Raise your hand if you knew there were FOUR STAGES of labor? I didn’t before I became a labor and delivery nurse!
Labor isn’t ALL contractions…and I’m about to tell you how it all will play out!
In short the four stages of labor look like this:
- Pushing and birth
- Delivering the placenta
- First 1-2 hours postpartum
But as I’m sure you can imagine, there’s a LOT to unpack in each of those four stages. I also want to talk a little more in-depth about contractions, too. So let’s get right into all of this, mama!
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The four stages of labor
When I say stages of LABOR…you guys might get a little confused….
Because actually…the first two stages only involve contractions…well…painful labor contractions that involve your body attempting you get your baby out of you.
Basically…baby is on the inside for the first two stages…and baby is on the outside for the second two stages!
Alright, let’s get to the first stage of labor…
The first stage of labor: contractions and dilation
This is probably the stage of labor you are most familiar with already.
The first stage of labor begins with that FIRST real labor contraction and ENDS when you are ten centimeters dilated.
WHEW. It’s a LONG stage. It’s so long, in fact, that it’s broken up into three sub-divisions…
- Early Labor
- Active Labor
We’ll get into those in a sec, but since this entire stage is all about contracting and dilation from 0-10 cm, let’s get into contractions a bit.
What is a labor contraction?
First up…what exactly is a contraction? You know they hurt, you know they happen, but have you ever wondered what exactly are they?
Most women will experience at least ONE contraction during their pregnancy before the big day…
In fact, MOST women have many contractions throughout their pregnancies before actually going into labor. I started having contractions when I was around 5 months pregnant! (that I could recognize)
Every once in awhile I would feel my belly harden and tighten up intermittently, and then release about a minute or so later.
This wasn’t painful for me at all, but for some women these pre-labor contractions (AKA BRAXTON HICKS CONTRACTIONS) can be a bit uncomfortable.
The science behind a contraction
Your uterus is a MUSCLE. It’s a huge muscle that contracts and releases similarly to every other muscle in your body!
Your uterus has actually been contracting your whole life…and only now that it’s much bigger (aka…you’re PREGNANT) you are starting to realize it!
You see, uterine contractions are a normal part of a woman’s menstrual cycle. Your uterus regularly contracts during your cycle, especially during your period.
Have you ever had “period cramps”? Yep, those are contractions!
Your uterus is undergoing the same mechanism it does during labor.
Some women do not experience painful period cramps, and that may be due to her prostaglandin levels. (Prostaglandins = hormone-like substances that aid in the contraction and relaxation of smooth muscle)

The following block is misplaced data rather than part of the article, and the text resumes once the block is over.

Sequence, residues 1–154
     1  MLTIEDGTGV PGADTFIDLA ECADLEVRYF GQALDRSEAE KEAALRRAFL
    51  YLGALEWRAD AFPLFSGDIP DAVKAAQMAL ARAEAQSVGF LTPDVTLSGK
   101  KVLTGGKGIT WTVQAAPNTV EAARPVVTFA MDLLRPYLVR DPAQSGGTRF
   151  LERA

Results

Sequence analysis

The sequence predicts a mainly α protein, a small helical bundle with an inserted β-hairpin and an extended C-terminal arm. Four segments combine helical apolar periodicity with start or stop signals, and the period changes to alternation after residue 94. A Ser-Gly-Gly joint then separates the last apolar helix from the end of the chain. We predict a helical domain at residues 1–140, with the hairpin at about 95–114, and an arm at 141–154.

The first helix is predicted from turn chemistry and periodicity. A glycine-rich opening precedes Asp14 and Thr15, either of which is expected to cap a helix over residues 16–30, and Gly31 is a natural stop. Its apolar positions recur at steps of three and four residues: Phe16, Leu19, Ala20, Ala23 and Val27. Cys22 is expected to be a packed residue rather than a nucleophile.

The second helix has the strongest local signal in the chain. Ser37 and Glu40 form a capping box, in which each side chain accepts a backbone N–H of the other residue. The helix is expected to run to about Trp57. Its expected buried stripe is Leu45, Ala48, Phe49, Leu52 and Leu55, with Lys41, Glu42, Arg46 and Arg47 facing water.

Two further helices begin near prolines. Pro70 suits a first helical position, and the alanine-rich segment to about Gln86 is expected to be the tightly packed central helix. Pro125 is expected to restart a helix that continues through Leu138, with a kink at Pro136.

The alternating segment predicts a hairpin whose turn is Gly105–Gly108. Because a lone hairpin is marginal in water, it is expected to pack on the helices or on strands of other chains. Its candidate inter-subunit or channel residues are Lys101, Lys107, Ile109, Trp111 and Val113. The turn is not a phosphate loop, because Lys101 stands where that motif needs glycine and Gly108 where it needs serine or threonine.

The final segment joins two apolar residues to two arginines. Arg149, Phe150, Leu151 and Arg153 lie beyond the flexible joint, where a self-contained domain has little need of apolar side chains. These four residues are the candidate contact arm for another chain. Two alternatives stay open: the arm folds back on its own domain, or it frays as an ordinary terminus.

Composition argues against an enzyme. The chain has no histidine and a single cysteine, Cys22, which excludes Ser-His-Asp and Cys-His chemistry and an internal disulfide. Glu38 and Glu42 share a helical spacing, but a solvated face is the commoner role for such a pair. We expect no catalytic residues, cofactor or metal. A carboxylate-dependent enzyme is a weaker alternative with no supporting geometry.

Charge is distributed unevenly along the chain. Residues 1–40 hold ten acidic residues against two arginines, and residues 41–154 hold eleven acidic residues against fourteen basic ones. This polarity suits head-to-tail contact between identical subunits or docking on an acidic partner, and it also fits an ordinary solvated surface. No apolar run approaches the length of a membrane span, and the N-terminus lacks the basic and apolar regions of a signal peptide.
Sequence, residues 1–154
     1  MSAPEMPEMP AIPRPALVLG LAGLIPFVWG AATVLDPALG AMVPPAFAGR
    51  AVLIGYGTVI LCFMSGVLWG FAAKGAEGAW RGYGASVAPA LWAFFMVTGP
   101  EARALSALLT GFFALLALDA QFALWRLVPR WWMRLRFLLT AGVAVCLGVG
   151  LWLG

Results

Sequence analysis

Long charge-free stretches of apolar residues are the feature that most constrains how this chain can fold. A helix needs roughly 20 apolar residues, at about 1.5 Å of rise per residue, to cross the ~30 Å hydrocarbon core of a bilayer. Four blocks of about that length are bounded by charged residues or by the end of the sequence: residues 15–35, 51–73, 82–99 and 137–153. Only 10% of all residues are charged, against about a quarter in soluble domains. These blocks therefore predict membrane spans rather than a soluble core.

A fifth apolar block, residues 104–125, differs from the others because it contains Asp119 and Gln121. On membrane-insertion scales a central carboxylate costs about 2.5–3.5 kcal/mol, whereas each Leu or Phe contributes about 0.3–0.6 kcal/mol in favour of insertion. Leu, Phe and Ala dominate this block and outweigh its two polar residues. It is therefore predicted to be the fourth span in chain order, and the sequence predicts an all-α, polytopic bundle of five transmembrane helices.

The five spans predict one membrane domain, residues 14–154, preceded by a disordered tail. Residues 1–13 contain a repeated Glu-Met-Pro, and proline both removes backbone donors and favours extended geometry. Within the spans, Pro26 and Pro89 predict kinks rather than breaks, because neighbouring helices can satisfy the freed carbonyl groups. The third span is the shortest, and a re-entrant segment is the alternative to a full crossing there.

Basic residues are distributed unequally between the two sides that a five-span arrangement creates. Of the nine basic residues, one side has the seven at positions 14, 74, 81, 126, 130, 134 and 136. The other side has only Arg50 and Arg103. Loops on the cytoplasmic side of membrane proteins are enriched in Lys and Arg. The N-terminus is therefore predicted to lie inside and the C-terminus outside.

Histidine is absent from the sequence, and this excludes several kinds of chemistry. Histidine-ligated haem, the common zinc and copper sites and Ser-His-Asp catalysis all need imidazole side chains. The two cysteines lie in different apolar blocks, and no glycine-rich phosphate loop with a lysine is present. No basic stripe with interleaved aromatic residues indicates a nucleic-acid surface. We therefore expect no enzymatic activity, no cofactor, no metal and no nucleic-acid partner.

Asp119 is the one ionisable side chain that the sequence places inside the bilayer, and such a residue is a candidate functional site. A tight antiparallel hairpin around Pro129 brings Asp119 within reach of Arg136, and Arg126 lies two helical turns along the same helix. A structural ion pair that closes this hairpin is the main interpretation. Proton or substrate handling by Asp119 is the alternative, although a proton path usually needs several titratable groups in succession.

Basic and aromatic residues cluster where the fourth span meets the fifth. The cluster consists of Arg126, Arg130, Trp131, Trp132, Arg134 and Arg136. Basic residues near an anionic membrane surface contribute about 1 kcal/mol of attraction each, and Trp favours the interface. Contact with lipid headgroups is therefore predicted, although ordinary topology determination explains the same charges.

Women with high levels of prostaglandins in their uterine lining experience more painful period cramps as opposed to women with lower levels of prostaglandins preset.
This kind of makes sense…because guess which hormone-like substance is readily present during labor….prostaglandins!! OUCH!
And, guess what is given to you during a labor induction….synthetic prostaglandins!!
And oxytocin…but that’s in another post! 😊
Early labor (usually 0-4 centimaters)
Early labor can be classified as the stage in which your cervix is changing from zero to about four centimeters dilated…
I say that with a grain of salt.
I’ve seen patients actually come into the hospital sitting at 4-5cm (even sometimes 6cm) and not be out of that early stage of labor yet.
In fact, this first stage of labor doesn’t depend all on your cervix…It depends MORE on your contraction pattern.
Early labor usually consists of regular, somewhat painful contractions that most women cannot ignore. These contractions CAN be irregular…but they usually are trending towards the pattern of becoming regular.
This stage can last for HOURS or even DAYS for some first-time moms. In fact, we usually do not admit patients to the hospital (unless they are undergoing an induction) while they are still in early labor.
This time in early labor is BEST spent resting.
Prepare your body for what’s about to come because once we head to the next sub-stage…there’s not too much rest going on.
Many women (especially first-time moms) are eager once these contractions really gear up, and they head to the hospital/birth center!
Nope! You don’t need to do that!
When should I head to the hospital during early labor?
In fact, you shouldn’t be heading to your place of birth until your contractions are extremely painful, regular (around 3-4 minutes), and you’re ABSOLUTELY SURE YOU CANNOT HANDLE IT ANYMORE where you currently reside.
When you get the thought of “oh my gosh I just can’t sit at home anymore, these are way too painful to bear”…it’s time to head to the hospital/birth center. That means you’re about to head into the next sub-stage.